Guyana was fortunate to find a progressive partner who shared our views. Norway was one of the first developed countries to recognise that protecting tropical forests was both an essential and highly cost-effective way to combat climate change. In November 2009, the then Norwegian Minister of the Environment and Development, Erik Solheim, and I travelled to Fairview Village, deep in the forests of Guyana; there we signed the document that started the Guyana-Norway partnership on forests. Under this partnership, Norway – as a proxy for the broader world – pays Guyana for some of the global carbon value provided by our forests. In turn, Guyana invests this money in our Low Carbon Development Strategy. By April 2015, Norway had paid Guyana about USD 150 million in carbon payments.

The carbon payments are funding numerous investments. For example, they are enabling our Amerindian communities – about 10% of the people in our country – to own their own land through a titling programme and to put in place ambitious community development plans. In partnership with local banks, small and medium enterprises are advancing ambitious low-carbon business ideas. The government is building emergency and long-term flood defences and water management infrastructure. Climate action is being introduced in our school curricula. Guyana is about to build a world-class centre for biodiversity. We are improving practices in mining and other extractive industries. And while all of this is happening, Guyana is maintaining strong economic growth despite the global financial crisis.

The carbon payments are also catalysing other, much larger private investments, for example in renewable energy. As a result, Guyana is on track to not only maintain the world’s lowest level of deforestation, but also to reduce energy-related greenhouse gas emissions by over 92% – more than any developed country.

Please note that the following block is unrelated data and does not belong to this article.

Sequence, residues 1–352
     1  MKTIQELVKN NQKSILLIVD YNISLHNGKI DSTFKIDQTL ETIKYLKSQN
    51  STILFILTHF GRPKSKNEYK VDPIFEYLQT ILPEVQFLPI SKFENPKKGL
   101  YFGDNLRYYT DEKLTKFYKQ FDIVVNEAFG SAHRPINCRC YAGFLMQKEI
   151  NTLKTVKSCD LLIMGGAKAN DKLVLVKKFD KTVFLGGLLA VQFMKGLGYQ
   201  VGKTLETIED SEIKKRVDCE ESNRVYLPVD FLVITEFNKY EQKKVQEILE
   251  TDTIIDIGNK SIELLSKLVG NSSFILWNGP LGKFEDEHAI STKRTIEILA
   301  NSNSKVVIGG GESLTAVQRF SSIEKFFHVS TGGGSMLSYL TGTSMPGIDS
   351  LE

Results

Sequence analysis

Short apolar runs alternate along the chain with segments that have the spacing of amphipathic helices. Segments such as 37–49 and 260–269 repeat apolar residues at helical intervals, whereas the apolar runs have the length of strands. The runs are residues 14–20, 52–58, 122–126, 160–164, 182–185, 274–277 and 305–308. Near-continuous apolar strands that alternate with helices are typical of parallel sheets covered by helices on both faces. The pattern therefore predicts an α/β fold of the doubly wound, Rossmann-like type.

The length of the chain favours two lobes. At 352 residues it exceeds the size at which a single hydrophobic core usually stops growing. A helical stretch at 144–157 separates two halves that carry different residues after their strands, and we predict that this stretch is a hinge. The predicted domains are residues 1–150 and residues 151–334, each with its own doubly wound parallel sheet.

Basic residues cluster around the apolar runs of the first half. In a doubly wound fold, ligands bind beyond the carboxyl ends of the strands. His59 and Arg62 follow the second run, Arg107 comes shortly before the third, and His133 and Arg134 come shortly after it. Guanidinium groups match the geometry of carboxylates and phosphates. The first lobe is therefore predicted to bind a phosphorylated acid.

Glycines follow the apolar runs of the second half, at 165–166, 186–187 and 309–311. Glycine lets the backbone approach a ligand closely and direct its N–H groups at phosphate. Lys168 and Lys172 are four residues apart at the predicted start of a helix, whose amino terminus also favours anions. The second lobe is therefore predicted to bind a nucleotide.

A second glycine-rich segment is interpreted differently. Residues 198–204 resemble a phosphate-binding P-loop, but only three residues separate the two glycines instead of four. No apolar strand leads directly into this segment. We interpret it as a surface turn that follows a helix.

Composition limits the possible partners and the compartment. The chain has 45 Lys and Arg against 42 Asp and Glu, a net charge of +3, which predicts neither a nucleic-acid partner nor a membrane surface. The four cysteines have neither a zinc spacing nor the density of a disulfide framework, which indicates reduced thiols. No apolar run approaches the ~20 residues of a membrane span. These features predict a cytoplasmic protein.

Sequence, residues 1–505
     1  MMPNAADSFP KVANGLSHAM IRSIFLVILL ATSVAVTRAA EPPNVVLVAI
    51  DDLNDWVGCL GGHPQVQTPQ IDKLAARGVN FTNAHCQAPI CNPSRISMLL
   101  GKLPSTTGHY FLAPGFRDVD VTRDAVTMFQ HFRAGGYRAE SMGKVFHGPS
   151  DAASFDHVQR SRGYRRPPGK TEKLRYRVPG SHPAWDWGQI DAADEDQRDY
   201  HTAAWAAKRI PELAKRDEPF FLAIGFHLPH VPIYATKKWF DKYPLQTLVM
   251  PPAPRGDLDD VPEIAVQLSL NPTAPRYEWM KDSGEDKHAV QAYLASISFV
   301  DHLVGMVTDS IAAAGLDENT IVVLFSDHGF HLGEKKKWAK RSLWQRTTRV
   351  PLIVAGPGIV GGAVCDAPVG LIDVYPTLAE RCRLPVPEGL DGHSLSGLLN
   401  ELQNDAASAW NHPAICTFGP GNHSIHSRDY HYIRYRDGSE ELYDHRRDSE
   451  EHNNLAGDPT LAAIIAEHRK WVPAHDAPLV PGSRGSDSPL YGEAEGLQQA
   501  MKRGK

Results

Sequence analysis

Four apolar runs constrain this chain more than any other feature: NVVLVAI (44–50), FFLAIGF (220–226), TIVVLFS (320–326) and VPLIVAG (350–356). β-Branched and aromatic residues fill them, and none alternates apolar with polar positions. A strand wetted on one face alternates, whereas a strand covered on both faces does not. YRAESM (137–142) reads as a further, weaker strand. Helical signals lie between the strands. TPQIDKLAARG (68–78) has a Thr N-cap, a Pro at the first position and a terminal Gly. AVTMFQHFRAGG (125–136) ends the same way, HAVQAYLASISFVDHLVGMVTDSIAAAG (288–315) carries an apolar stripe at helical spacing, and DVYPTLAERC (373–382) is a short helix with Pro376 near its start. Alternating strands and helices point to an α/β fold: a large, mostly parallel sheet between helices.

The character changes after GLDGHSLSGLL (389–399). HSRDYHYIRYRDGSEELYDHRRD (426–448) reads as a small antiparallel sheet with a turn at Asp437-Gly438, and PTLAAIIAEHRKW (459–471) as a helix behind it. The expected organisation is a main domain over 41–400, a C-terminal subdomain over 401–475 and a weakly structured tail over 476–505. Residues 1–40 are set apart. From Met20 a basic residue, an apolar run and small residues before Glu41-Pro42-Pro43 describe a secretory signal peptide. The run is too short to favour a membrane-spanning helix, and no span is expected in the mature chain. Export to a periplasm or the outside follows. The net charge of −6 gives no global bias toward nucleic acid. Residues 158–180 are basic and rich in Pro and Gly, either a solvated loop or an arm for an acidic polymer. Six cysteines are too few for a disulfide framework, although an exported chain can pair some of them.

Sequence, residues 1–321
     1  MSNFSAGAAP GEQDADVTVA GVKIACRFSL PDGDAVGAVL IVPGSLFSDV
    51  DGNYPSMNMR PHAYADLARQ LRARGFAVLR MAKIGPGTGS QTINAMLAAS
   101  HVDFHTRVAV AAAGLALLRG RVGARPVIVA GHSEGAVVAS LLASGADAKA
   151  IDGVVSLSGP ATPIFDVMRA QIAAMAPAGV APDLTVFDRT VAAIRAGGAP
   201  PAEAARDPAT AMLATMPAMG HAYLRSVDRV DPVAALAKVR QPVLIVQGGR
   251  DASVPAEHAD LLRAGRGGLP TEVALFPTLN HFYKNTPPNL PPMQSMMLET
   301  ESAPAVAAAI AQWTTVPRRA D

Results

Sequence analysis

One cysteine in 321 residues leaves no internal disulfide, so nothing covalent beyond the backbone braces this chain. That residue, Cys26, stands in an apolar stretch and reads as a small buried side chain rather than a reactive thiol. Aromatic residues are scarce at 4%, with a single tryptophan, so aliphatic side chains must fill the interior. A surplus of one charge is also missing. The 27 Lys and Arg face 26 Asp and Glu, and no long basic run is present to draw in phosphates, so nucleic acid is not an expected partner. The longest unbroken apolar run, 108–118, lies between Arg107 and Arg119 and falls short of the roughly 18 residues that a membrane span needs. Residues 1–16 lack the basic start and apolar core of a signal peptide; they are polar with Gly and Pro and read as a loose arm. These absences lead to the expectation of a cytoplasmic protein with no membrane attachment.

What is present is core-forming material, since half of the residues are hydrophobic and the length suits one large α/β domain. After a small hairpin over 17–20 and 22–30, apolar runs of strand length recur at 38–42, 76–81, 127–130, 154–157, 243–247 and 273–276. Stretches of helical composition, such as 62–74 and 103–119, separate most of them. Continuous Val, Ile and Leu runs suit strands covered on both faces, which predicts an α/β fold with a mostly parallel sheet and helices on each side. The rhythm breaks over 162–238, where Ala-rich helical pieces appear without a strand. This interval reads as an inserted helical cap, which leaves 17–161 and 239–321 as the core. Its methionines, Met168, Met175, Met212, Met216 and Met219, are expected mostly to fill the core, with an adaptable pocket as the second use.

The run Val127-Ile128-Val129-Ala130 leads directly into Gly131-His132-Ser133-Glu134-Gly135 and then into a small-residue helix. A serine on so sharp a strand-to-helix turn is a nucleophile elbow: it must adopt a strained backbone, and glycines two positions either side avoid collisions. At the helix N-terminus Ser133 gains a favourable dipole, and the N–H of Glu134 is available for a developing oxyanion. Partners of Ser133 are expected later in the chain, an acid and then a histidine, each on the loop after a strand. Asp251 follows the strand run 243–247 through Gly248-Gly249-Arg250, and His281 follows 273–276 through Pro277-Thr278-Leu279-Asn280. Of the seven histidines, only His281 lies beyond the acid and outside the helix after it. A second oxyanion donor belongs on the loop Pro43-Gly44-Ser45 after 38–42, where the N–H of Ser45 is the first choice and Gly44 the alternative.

Together, Guyana and Norway have learned many lessons that are relevant to far bigger countries and to the global community – lessons in areas such as financing low-carbon development, sustaining national support, and making progress in the absence of an international agreement on climate.

While there is still much to be done in the years ahead, I believe that Guyana and Norway, working together as equal partners, are showing how climate action can deliver real results to combat poverty, increase prosperity, sustain vital ecosystem services and advance the fight against climate change for the good of the entire world.

Useful links

Development Co-operation Report 2015: Making Partnerships Effective Coalitions for Action

2 Responses leave one →
  1. September 16, 2015

    Bravo Guyana and Bravo Norway, indeed a shining example to the rest of the world especially in demonstrating the ‘portability’ of carbon credits and their practical use in combatting climate change.

    This ‘sea change’ initiative deserves an infographic with some of the costs and benefits qualified and quantified, this would seem a logical next step especially ahead of COP 21 in Paris in a few weeks time.

    Tony Botsman, Interim President,C4C, The Checklist for Change, Figeac France

  2. September 22, 2015

    If only the Middle East could be drawn into programmes like this, instead of perpetually fighting for scraps of arid land.
    Their potential to produce massive amounts of solar energy is bigger than the oil deposits that are left.